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  1. Great tips for thinking outside of the box if you truly want to travel. I always regretted not figuring out a way to travel while I was younger (college). I was simply under the assumption that I couldn’t afford the cost of travel or afford to take the time off of my college job.

    1. I was also surprised by how expats were making it work abroad by picking up jobs while they were over there! I met several English teachers. It’s understandable to feel like it’s out of the range of possibility but there are programs out there to support you. Have you figured out a way to travel now?

  2. You got me at “churros y chocolate.”. This is such a great combination and something I did went a bit crazy during the 4 months we spent in Mexico in 2018. Ok back to the core of your article as I’m already getting hungry 🙂

    I think traveling has as part of an exchange program (as a student) can be a wonderful way to discover a new country and a new culture + meet new friends along the way.

    I actually took such program when I was in college (the program I took in Europe was called Erasmus). Similar to your exchange, I only paid for the tuition fee of my home school. I picked the Trinity College of Dublin (in Ireland) and I had a blast for an entire school year. Since education in France is almost free (I believe I had to spend a couple hundreds bucks for some health care related stuff), it was an amazing win, as TCD wasn’t cheap. The country also gave us some money to help paid for the accommodation and expenses over there.

    My university wasn’t as picky to confirm that my classes were matching the curriculum I was supposed to follow if I would have stayed in France. This was a good thing, since my priority during that year was meeting new friends, sharing new experience and not so much studying as you might imagine. That being said, I managed to pick easy classes that earned me excellent grades while having one of the best school year of my lift that ended up giving me a passion for travel that I am now doing full time with my wife 🙂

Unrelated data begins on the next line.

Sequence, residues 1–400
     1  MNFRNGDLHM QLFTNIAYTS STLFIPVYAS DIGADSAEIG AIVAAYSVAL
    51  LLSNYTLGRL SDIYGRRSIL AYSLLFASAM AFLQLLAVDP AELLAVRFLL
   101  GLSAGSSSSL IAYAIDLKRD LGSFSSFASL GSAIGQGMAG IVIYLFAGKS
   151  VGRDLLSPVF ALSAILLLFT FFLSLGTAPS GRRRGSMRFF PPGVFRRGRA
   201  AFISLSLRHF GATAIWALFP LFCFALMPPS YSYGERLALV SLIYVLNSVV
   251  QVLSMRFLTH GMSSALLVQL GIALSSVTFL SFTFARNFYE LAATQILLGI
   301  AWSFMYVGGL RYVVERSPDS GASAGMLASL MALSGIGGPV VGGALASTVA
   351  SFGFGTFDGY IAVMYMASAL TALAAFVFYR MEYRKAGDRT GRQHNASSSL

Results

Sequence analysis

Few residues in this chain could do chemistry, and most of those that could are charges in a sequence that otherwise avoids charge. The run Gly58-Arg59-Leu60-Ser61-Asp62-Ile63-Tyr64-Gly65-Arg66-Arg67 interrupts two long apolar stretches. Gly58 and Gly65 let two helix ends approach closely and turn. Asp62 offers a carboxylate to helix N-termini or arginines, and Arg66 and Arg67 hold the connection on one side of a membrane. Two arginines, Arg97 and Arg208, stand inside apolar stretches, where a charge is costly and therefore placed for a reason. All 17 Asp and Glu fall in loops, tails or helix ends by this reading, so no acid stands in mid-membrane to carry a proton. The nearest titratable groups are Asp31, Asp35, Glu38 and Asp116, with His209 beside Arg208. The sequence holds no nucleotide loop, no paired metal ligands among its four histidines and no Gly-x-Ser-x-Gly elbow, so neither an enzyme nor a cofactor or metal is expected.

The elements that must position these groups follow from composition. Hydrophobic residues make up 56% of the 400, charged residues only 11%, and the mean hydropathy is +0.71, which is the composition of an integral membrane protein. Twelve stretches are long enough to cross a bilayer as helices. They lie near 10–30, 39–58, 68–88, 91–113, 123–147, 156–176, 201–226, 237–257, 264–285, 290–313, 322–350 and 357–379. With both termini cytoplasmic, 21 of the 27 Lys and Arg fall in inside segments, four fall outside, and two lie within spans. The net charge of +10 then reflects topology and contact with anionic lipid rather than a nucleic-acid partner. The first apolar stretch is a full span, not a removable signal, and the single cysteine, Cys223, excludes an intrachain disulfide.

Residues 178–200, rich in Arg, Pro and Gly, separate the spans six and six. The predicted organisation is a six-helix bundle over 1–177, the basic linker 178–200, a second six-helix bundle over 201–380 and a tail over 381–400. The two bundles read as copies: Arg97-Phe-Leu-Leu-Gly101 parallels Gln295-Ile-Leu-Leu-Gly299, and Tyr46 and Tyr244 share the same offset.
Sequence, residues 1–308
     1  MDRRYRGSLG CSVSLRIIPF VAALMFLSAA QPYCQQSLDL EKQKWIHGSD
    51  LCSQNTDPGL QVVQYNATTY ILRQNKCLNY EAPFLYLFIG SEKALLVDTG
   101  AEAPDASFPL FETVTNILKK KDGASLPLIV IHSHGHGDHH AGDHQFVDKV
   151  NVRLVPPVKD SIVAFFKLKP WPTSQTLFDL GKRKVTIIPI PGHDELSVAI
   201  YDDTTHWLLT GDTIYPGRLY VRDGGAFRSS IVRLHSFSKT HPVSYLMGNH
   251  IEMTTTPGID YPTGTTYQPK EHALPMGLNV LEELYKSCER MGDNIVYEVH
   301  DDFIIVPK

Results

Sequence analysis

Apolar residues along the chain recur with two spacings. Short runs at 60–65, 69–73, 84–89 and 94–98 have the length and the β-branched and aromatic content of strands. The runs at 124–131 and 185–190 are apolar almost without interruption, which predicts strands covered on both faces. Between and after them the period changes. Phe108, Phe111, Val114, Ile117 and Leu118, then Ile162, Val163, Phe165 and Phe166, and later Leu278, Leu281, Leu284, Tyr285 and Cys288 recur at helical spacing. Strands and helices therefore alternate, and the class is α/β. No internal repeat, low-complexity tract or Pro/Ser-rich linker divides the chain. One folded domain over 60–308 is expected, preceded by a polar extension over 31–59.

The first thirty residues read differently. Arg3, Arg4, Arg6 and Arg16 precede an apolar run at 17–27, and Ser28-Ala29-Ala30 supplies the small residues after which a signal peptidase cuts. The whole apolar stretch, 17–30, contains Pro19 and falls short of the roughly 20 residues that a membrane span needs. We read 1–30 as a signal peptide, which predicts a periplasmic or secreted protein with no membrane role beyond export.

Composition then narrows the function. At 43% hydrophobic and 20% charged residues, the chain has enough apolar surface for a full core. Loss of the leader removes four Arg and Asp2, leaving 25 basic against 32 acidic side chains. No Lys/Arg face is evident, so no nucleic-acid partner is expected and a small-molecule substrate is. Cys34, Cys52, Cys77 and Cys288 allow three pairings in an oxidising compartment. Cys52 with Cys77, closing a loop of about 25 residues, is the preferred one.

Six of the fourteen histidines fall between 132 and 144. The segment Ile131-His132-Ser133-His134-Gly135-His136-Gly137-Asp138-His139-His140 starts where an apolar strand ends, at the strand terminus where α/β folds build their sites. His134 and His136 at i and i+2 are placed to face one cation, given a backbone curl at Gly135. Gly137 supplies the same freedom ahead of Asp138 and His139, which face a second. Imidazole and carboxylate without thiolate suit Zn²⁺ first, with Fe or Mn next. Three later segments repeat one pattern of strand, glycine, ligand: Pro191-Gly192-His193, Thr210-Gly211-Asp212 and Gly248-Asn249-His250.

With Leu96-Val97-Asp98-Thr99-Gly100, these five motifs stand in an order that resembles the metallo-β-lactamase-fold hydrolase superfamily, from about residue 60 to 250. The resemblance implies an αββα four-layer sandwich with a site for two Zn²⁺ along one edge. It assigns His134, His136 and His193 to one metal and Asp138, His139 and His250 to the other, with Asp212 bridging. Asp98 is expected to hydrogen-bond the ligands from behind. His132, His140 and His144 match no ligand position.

Overall, something that can be an excellent travel/life hack for people attending college. What do you think? Would you do it again?

    1. Yes all of my friends in Spain were on Erasmus! It’s awesome that you got some added bonus of money to pay for your accommodation and expenses as well.

      I would do it again in a heartbeat, especially if I didn’t have to take difficult engineering classes the entire time. My partner also studied abroad with a lighter workload but his classes were all in Spanish so he came away with better language proficiency and got to learn all about music of the ages, he did a whole subject on Flamenco!

  3. In our case I took extra time on trips that my job often asked me to travel. In my days in the USAF, that wasn’t possible, but I did travel a fair amount. In my corporate job, I was sent to France for a few days. My company allowed my wife to share my room, and for me to book a flight that kept me in France for 2 weeks extra as the cost of the flight was cheaper than if I traveled for the days for business reasons only. My wife and I took time off, and we traveled around France, using her hotel points (she travels a lot for work), and basically spending money on food and transportation. In her work travels, before our son was b9rn, she did that often. Even after him, I encourage her to take a day or two (now that he’s out of diapers) to enjoy wherever she goes. Its only a few days a year, so an extra day or two is no big deal.

    1. Extending work trips into weekends or maybe an extra week abroad is a great way to see new places. I think it’s great you encourage her to stay on and enjoy the place before heading back home.